Roll with the technical difficulties

The audience only gets what you give them.

That’s what I kept forgetting as I moped through the Fort Lauderdale airport yesterday. Thanks to inflight wifi, I bring you my story from a cruising altitude of 30,000 feet, on my way home from a three-city keynote tour for a new financial services client (they’ve grown 30% per year for the last few and are investing in their people’s communication skills).

The Orlando keynote was great, but then came Fort Lauderdale. True to form, I showed up at the venue early to find the room and set up my equipment. Despite testing it all, this keynote was a technical disaster. Their computer froze, and so did my slides. Had to do the last 25% without my planned visuals and videos. While I rolled with it, the presentation didn't end the way I planned, and I left totally discouraged (didn't show it, of course).

Here's the funny thing: I got a call from my client today, and they loved it. They knew something had gone wrong technically, but were very impressed and pleased at how I moved on with the show. In fact, they're using my model as a way to teach their people what to do when things go wrong. Surprised doesn't really cut it.

Goes to show, the audience only knows what you give them. I speak all the time, but I still got stuck in my own head and forgot this rule. Sure, I was disappointed they didn’t see my planned ending, but the audience had no idea what they missed. As far as they were concerned, it ended just as it should have. Same goes for your audience.

So here’s what to do to prevent technical mayhem, and roll with it if it happens:

1. Test it all!

  • Get to your presentation site early and test the equipment (even if it's a conference room you're in all the time). Whether it’s your laptop or their computer, test everything: audio, visual, and videos. Turn the projector on and off. Make sure there’s ample power supply.
  • Make an IT best friend immediately upon showing up at the site, and get his or her phone number. If there’s a problem, you can call and get it fixed, while you keep going with the presentation.

2. Bring backup.

  • Have your slide deck on a separate flash drive. That way, you can easily move over to a different computer if needed. If you can have a backup laptop ready to go, even better.
  • If this is a high stakes presentation, you should be prepared to present without slides. Be sure to do a run through without your slide deck so you're not relying on it.

3. Keep calm and carry on.

  • If the tech freezes and you know there’s no going back, roll with it. Stay (or at least appear) calm. Subtly turn off the projector and continue on, never again referencing slides or apologizing for what would have been.
  • Steve Jobs had a pretty infamous tech disaster when demonstrating the features of iPhone 4, but he made it through by staying professional, humorous, and moving on.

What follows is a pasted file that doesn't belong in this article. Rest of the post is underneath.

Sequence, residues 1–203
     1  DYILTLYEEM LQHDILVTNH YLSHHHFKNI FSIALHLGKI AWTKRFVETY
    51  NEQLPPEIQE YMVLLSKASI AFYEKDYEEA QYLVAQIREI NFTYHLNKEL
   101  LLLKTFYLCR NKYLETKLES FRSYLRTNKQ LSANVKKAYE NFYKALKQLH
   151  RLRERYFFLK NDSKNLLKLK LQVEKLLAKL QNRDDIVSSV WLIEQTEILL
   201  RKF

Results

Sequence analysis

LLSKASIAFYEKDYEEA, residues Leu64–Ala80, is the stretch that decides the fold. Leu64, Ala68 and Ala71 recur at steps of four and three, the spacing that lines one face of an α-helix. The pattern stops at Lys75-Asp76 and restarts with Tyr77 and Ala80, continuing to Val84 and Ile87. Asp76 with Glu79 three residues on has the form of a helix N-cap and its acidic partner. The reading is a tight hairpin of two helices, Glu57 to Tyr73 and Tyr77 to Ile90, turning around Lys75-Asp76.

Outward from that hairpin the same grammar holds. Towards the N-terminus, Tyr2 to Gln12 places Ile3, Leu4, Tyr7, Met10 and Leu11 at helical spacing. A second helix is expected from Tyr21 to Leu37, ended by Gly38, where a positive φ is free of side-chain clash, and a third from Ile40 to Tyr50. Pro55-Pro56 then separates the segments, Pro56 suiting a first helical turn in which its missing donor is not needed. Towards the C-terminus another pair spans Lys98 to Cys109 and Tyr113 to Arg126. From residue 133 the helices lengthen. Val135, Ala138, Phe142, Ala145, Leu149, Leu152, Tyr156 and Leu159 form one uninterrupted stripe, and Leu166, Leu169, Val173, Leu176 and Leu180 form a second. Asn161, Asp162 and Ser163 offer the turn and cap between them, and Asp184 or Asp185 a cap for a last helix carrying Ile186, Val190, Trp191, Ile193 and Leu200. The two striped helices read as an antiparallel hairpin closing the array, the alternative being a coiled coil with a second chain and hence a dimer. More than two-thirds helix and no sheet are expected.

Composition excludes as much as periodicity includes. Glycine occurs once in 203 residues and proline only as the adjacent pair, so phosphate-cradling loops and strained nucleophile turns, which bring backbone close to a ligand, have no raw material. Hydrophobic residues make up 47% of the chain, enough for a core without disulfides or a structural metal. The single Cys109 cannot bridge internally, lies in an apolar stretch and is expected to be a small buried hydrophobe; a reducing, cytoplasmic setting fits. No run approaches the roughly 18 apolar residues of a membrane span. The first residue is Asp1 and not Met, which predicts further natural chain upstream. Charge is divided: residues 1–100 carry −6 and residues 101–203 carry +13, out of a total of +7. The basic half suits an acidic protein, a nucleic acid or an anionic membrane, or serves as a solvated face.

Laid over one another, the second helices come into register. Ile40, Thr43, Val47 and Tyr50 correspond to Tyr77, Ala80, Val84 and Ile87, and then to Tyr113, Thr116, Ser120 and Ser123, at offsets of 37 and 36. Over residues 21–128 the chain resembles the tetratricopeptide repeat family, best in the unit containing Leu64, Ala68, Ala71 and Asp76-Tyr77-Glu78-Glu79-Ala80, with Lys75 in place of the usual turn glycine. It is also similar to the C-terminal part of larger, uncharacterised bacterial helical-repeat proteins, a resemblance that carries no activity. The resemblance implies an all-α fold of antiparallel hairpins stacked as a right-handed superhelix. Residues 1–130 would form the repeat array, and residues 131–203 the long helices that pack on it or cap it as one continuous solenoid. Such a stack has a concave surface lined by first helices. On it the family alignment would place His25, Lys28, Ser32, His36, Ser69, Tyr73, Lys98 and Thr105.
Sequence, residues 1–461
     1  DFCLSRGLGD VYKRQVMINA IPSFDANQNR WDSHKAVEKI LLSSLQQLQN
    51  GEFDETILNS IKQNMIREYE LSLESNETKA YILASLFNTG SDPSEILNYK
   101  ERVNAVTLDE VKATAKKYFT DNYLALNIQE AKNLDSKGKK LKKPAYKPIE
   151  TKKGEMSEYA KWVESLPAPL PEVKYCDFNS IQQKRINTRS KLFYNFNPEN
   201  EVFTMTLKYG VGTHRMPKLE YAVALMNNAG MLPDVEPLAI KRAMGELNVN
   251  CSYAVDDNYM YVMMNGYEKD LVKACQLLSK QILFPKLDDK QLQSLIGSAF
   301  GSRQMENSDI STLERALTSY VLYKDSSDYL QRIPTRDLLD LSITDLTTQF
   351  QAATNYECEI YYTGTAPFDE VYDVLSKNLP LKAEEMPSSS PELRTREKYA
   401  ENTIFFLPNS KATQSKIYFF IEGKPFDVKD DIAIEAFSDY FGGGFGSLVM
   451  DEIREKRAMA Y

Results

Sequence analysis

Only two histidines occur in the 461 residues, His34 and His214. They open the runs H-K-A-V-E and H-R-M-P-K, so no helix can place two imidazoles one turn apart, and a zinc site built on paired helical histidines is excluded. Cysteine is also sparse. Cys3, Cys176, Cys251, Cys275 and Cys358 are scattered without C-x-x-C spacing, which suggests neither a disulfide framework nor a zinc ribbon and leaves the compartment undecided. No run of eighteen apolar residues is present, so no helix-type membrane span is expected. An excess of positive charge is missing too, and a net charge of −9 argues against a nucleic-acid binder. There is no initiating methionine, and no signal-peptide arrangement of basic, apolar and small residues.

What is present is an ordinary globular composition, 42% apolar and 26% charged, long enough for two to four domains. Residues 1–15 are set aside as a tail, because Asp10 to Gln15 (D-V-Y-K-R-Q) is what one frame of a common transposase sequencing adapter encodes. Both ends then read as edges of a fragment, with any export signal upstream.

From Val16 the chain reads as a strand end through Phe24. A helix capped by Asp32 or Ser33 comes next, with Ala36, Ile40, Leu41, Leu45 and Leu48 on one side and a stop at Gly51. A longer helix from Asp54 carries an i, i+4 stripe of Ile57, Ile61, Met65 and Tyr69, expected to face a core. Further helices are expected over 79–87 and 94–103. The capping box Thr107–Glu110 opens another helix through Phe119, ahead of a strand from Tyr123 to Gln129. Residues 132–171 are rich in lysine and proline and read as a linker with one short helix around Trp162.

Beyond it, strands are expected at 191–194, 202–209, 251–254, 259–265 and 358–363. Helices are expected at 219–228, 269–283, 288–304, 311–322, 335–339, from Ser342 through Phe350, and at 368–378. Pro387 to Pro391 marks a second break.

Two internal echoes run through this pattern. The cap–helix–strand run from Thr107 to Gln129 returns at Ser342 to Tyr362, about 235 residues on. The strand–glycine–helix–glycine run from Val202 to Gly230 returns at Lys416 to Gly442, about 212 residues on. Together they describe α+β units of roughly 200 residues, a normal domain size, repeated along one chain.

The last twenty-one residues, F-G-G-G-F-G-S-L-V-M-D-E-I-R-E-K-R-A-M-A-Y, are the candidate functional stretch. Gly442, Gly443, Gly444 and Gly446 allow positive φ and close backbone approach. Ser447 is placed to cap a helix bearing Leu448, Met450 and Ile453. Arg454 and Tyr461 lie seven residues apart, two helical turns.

4. Deliver strong, no excuses.

  • Remember and keep repeating to yourself: The audience only gets what you give them. Deliver the strong presentation they came to see regardless of what happens technically.
  • Make sure to have notes (we recommend the Decker Grid) so you're not relying on your slides to guide you along. Your slides should be extra support to help make your points, but YOU are the presentation, not your PowerPoint.

Beginning our descent in to San Francisco -- look forward to you sharing your experiences with technical difficulties and any tips you've picked up along the way.

5 thoughts on “Roll with the technical difficulties
  1. Ben,
    I’ve had this happen on several occasions as well only to have the spontaneous dialogue that followed become more fluid and enjoyable. Got to know your stuff however in order to get away with it

  2. Great post and so true. Nice to hear that you, the consummate speaking professional, can feel panicked and disappointed, just like the rest of us!
    Btw – Matt showed me the Decker piece in the Alaska Airlines mag. Way to go!

  3. Another tip: Also have an extra set a batteries for your presentation remote, and keep it with you at all times. I usually also have a hard copy (USB stick) AND “virtual copy” (on a cloud drive) of my PPT files. Great article, thanks!

  4. Ben,
    Well done! I think it tells us a general truth about audiences. If we’ve connected with them, they’ll associate with our dilemma, put themselves in our shoes, and appreciate the apparent ease with which we coped in a situation that is probably their worst nightmare. So we earn our audiences’ appreciation.
    Bob Hope said something like- ‘Our audiences will forgive us anything unless we embarrass them’. And our falling apart when the tech stuff dies, makes them die a thousand times. So I think your ‘Keep Calm and Carry on’ motif is perfect. Regards from the UK and great blog.

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